You’ve got your retirement plan in place. Budgets have been drafted, portfolios sufficiently diversified, i’s dotted, and t’s crossed. It’s time to sit back, relax, and enjoy a drink by the pool, confident that your nest egg will carry you across the finish line.
Not so fast. While you may have such predictable indicators as housing, transportation, and dining covered, there are a variety of unanticipated expenses that could pop up at a moment’s notice and will dramatically change the view on your financial horizon.
Some estimates put total healthcare costs for retirees at as much as $275,000 per couple. Contrary to popular belief, the government doesn’t necessarily have your back when those bills come due.
While Medicare will cover certain expenses, the long list of what it doesn’t provide includes hearing aids, dental care, dentures, and foot care, all of which are facts of life for a sizable percentage of seniors. But the biggest uncovered expense is long-term care, which is where the dollars really start to matter. That means long-term healthcare insurance may be a valuable investment, particularly for workers in their younger years. Health Savings Accounts (HSAs) are also useful ways to put tax-deductible funds aside for the future.
Your home and your car
Unexpected home or car repairs are a fact of life at any age, and on the surface, they seem somewhat benign. But those costs—a couple hundred here, a few thousand there—can add up over time, creating a slow drip that will eventually bore a gaping hole in your savings.
Those darned kids
Young adults today typically stay in school longer, postpone marriage (or opt out of it entirely), eschew the stock market, and often show little interest in buying a home. This combination of factors may be why, as of 2015, a third of 18- to 34-year-olds lived with their parents.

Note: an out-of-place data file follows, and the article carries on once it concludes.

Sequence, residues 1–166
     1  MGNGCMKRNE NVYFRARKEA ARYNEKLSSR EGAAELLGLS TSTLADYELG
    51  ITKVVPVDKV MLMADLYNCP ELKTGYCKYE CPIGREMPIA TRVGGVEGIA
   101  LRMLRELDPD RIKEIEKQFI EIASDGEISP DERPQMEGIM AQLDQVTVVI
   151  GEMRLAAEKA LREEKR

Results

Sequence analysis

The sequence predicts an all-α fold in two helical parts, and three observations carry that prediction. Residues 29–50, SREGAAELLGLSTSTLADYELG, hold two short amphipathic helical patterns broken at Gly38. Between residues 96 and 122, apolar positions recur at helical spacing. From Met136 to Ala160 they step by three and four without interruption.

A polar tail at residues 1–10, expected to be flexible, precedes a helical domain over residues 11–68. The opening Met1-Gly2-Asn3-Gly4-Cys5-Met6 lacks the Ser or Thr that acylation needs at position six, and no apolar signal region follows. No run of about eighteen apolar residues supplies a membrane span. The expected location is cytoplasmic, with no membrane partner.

While some moms and dads may love having the kids close by, it may put off the date when they can retire. If this situation sounds a little too familiar, it’s time for a family meeting. Be supportive but firm as to when you expect the little birds to fly on their own so that you can begin your next, well-earned stage of life.
Those darned parents
It’s bad enough that your millennial son or daughter is camped out in your basement, but it’s increasingly possible that your mom, your dad, or another close elderly relative is bunking in your loft. If so, you may be a member of the “Sandwich Generation,” and you’re not alone. In 2017, 14 percent of shared households had a parent living with their adult child.
Not only does this make for crowded quarters, but it also gets expensive quickly. As many as one in seven adults in this situation provide financial assistance to both parents and children. Encourage your parents to be transparent about their money worries so you can plan accordingly. If an unexpected crisis occurs, Medicaid in some states will cover in-home care for people with lower incomes.
As fickle as finances are, you can take heart in knowing that your life partner will be there by your side to face the future. Right? Perhaps not. Since 1990, the divorce rate for Americans over 65 has nearly tripled, with the rate doubling for adults 50 and older. Couples who remarry end up divorcing at twice the rate as those who marry once. The rate is going up for long-term couples as well—just over one-third of divorcees age 50 and up had been with their partners for at least 30 years, and one in 10 were together for at least 40 years.
Alongside heartbreak, divorce also brings expenses and a potential loss of assets. An average litigated divorce can run $15,500 or higher. One or both of you will likely need to find new housing, bringing rent or mortgages back into your lives. It may also affect your taxes, as recent changes have eliminated alimony deductions in some cases.
Avoid surprises, plan ahead
If any of these scenarios becomes reality, have a plan in place for dealing with emergencies. Know where the money will come from to deal with a crisis situation.
Avoid pulling from your investments to pay for last-minute expenses, particularly if your portfolio is on a downward swing.
Set up a line of credit earmarked for emergencies only.
Make sure healthcare is front and center when making these decisions. Whatever you have socked away for it now, assume it’s not enough.
Talk about these issues ahead of time. Be proactive with your doctor, get those mileage checks on the family sedan, sit the kids down for a heart-to-heart, have tea with Mom and Dad. An awkward conversation today could just save your retirement nest egg tomorrow.
Any unanticipated expense is easier to handle with a solid retirement plan in place. Start today with our Popular Retirement Plans e-book.